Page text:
Security experts are praising the international bust of a Russian Internet extortion ring, but they also warn that cyber strong-arm schemes — which use viruses, worms, trojans and the threat of denial of service (DoS) attacks — are increasing and spreading to different targets, including e-commerce and financial transaction sites.
The UK’s National Hi-Tech Crime Unit (NHTCU) and authorities inRussia announced this week that they had arrested three key members of a Russian gang who allegedly were involved in extortion and money-laundering using the Internet. The gang allegedly bombarded UK gambling sites with message packets in DoSattacks, then e-mailed demands for money to cease the attacks for a year, after whichthey would resume.
Gartner research Vice President Richard Stiennon, who pointed to sucha scheme as responsible for the amount of variant viruses in the so-called”worm war” last spring, said the arrests are likely to deter theextortion activity, which has already spread to credit card and other payment-processing sites.
“This is the best news we’ve seen in security for a long, long time,”Stiennon told TechNewsWorld. “It won’t take many crackdowns [to have aneffect]. In the past, crackdowns like this have really affected whatpeople do. We could see a slowing of viruses and worms as a direct result ofthis.”
Global Protection Racket
UK and Russian authorities said the suspects — arrested in raidsin St. Petersburg, and the Saratov and Stavropol regions of southwestRussia — ran a global protection racket netting hundreds of thousands of dollarsfrom online gaming sites beginning in October 2003.
Online bookies in the UK have been subject to the attacks since then,but UK and Russian authorities had also been working together to track downand arrest the three alleged gang members, ages 21 to 24.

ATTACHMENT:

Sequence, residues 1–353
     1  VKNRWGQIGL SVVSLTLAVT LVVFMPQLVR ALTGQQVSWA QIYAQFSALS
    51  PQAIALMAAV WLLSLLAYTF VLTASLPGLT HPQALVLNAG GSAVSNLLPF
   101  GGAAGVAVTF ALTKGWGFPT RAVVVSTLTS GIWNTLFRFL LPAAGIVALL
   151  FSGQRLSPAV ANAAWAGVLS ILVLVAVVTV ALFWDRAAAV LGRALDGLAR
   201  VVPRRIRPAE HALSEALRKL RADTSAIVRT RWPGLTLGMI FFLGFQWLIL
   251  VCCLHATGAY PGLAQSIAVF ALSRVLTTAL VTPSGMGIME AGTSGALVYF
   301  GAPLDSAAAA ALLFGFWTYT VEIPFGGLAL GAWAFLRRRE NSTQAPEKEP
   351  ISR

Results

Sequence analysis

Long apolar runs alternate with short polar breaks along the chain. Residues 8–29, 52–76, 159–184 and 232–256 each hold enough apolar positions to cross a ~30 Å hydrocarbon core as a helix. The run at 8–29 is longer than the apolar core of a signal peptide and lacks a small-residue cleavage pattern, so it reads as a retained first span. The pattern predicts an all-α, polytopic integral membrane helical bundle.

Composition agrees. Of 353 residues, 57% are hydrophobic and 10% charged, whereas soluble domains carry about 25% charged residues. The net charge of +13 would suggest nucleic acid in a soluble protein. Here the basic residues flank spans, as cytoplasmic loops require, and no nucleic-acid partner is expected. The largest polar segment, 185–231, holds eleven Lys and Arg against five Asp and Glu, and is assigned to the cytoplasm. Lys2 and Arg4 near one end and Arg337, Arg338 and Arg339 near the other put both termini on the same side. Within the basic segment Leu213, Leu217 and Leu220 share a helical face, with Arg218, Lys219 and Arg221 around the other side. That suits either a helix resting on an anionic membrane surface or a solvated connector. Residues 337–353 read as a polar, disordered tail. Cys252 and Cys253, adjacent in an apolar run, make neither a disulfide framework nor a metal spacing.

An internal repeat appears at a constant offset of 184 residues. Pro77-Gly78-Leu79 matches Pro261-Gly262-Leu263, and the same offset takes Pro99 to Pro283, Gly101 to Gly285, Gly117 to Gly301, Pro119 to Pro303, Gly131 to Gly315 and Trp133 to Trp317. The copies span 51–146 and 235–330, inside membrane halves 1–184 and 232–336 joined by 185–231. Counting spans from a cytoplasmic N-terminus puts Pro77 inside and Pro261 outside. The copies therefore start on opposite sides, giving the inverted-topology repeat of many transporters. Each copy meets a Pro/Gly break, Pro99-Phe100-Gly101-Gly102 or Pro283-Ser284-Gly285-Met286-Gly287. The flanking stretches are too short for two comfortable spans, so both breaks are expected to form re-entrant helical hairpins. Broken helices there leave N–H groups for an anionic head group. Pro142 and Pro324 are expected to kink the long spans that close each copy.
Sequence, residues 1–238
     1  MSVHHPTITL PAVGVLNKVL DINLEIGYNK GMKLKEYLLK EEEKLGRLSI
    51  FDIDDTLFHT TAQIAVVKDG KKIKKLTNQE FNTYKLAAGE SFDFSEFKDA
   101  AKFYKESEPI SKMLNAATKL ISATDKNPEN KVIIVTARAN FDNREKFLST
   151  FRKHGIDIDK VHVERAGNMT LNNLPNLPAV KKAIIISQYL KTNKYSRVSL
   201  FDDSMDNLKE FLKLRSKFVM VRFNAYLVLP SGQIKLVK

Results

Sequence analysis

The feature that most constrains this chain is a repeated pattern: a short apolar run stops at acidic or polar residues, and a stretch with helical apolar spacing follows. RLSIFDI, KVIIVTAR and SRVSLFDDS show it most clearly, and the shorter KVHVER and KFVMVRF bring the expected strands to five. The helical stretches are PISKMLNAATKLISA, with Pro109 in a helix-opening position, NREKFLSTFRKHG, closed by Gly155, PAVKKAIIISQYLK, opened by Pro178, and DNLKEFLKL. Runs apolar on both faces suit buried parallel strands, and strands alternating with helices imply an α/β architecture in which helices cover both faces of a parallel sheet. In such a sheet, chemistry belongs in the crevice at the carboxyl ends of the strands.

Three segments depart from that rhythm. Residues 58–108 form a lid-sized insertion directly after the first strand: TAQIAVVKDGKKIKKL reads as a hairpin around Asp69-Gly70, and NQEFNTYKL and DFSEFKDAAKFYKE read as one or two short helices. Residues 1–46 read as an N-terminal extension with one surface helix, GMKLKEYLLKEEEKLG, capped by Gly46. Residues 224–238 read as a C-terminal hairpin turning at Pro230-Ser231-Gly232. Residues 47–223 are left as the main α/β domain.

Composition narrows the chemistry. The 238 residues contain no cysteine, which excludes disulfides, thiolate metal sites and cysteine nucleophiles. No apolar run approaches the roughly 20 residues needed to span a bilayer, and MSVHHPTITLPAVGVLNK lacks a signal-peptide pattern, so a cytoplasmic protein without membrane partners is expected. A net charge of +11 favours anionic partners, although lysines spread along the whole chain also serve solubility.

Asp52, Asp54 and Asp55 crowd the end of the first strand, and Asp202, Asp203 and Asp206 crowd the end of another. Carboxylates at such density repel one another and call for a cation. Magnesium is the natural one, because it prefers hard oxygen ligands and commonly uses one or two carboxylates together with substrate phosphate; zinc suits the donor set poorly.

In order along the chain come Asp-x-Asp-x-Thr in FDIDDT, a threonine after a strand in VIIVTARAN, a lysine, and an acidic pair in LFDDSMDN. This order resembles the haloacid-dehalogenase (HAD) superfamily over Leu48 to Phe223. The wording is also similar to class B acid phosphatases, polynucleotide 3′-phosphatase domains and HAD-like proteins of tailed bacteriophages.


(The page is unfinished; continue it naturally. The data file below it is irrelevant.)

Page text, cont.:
As part of an investigation involving authorities in the UK, Russia,the Central Asian republics and the Baltic states, 10 members of the groupwere arrested last November in Latvia. Those arrests helpedofficials track the financial trail that led to the “gangsters,” the NHTCU said ina statement.
“Thanks to the response of all the parties involved, we have helpedto dismantle a determined group of organized criminals,” detectivechief superintendent Len Hynds, who heads the NHTCU, said. “The clear message we are sending is that if you attack firms based in the UK, we will find youand stop you,” he said.
Worms Make for Crime
Stiennon said while it did not account for all of the Bagle, Netsky,MyDoom and other virus variants that were bantered about the Internetduring the weeks of the “worm war” earlier this year, the heavy virus activitywas a part of the extortion scheme busted this week.
“The worm writers this time around are really cyber criminals inRussia,” Stiennon told TechNewsWorld last March. “They’re using [the worms] torecruit bots [compromised computers] to launch denial-of-serviceattacks, mostly against online gaming sites, after failing to extort largepayments from the sites.”
Stiennon this week said similar attack-extortion efforts are likelyto continue, but he was encouraged to see the cooperation of UK, Russianand other officials.
“There’s obviously going to be copycats because there’s real profitmotive there, but if Russia gets serious about cracking down, it’llmove,” Stiennon said.
Soft Targets Hit Hard
Ken Dunham, director of malicious code intelligence for iDefense,told TechNewsWorld the number of cyber extortion cases is on the rise, withcompanies that depend on big events, such as the Superbowl or horseracing, being attacked during key business opportunities.
Dunham, who was preparing a report on the subject of online extortionscams, said an increasing number of sites are pressured to pay US$10,000to $50,000 per attack, $100 per day, or other amounts to avoid site outage.At the same time, “hackers for hire” that offer to hit sites for certainamounts of time, and “bot or zombie armies” — tens of thousands ofcompromised computers used for DoS attacks — that are available forrental by attackers, are also increasing.
“The big problem is the increasing number of broadband, high-speedconnections that are getting Trojans and are used for dedicated denialof service attacks makes it easy to get zombies together,” Dunham said.”There’s money to be made and you also have an upstream commoditizationof hackers for hire.”
Dunham added that while there is little companies can do to stop DoSattacks, they open themselves up to more extortion by paying to stopthem.
“If you pay, you get hit up for a whole lot more real quick,” Dunhamsaid.